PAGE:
Inhibition of PP1 Phosphatase Activity by HBx: A Mechanism for the Activation of Hepatitis B Virus Transcription

Oncogenèse et Virologie Moléculaire, Institut Pasteur, 28 Rue du Dr. Roux, 75724 Paris Cedex 15, France.
Science Signaling (Impact Factor: 6.28). 01/2012; 5(205):ra1. DOI: 10.1126/scisignal.2001906
Source: PubMed


The regulatory protein HBx is essential for hepatitis B virus (HBV) replication in vivo and for transcription of the episomal HBV genome. We previously reported that in infected cells HBx activates genes targeted by the transcription factor CREB [cyclic adenosine monophosphate (cAMP) response element-binding protein]. cAMP induces phosphorylation and activation of CREB, and CREB inactivation is promoted by protein phosphatase 1 (PP1), which binds to CREB through histone deacetylase 1 (HDAC1). We showed that CREB was recruited to HBV DNA. Phosphorylation induced by cAMP had a longer half-life when CREB was bound to the episomal HBV genome compared to when it was bound to the promoter of a host target gene not regulated by HBx, suggesting that the virus has developed a mechanism to favor its own transcription. This mechanism required HBx, which interacted with and inhibited PP1 to extend the half-life of CREB phosphorylation. Silencing of PP1 rescued replication of an HBx-deficient HBV genome, suggesting that HBx enhances viral transcription in part by neutralizing PP1 activity. Our results illustrate a previously unknown mechanism of HBV transcriptional activation by HBx in which HBx interferes with the inactivation of CREB by the PP1 and HDAC1 complex.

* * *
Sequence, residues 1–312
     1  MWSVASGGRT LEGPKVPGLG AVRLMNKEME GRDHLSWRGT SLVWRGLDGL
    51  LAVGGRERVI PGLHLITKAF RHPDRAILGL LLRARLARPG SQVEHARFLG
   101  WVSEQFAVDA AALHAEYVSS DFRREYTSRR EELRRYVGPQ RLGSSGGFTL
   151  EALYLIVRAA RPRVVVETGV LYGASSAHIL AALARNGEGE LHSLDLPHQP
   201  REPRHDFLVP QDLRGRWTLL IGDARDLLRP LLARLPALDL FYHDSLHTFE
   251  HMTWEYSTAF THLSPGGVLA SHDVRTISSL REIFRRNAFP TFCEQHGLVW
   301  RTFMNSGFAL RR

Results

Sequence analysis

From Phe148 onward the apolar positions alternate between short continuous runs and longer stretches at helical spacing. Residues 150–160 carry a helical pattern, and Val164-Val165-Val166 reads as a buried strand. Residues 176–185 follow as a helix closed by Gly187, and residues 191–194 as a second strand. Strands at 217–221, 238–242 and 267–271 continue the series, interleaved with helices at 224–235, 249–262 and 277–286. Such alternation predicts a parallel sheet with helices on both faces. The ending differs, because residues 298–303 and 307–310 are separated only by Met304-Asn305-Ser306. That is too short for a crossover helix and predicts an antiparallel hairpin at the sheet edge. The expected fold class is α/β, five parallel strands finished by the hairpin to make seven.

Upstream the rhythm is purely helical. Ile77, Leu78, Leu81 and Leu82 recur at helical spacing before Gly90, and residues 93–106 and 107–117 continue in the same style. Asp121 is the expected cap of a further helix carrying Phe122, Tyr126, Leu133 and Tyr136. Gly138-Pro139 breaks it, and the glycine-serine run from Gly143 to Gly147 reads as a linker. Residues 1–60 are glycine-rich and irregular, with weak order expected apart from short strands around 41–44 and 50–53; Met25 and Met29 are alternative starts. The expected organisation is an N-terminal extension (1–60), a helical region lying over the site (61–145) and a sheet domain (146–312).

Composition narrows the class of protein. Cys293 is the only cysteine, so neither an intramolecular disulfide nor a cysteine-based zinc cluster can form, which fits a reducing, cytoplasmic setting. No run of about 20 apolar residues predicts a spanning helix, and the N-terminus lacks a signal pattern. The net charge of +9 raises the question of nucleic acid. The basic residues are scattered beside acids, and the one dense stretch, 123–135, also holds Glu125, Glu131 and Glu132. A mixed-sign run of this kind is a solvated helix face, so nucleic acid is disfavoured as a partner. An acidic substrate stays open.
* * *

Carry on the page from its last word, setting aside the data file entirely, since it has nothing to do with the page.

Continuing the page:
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    • "HBV particles were concentrated from the clarified supernatant by overnight precipitation with 5% PEG 8000 and centrifugation at 4°C for 60 min at 5000 rpm. Enveloped DNA-containing viral particles were tittered by immunoprecipitation with an anti-PreS1 antibody (kindly provided by C. Sureau) followed by qPCR quantification of viral RC DNA with the primers RC 5' and RC 3' (Supplementary Table 2) [6]. dHepaRG cells or PHH were infected as previously described with normalized amounts of virus at the indicated MOI [11]. "
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    • "Firstly, we could confirm existing data concerning the recruitment, in vivo, of H3/H4 histones and of HBV core protein on the cccDNA minichromosome [34]. Subsequently, using the same approach, we and others showed that several cellular transcription factors, including CREB, ATF, STAT1, and STAT2, and different chromatin modifying enzymes can bind the cccDNA in cells replicating HBV [36, 37]. Indeed, using antiacetylated-H3 or antiacetylated-H4 cccDNA ChIP assay, we found that HBV replication is regulated, both in cell-based replication systems and in the liver of HBV chronically infected patients, by the acetylation status of H3/H4 histones bound to the viral cccDNA in the nuclei of HBV-infected hepatocytes. "
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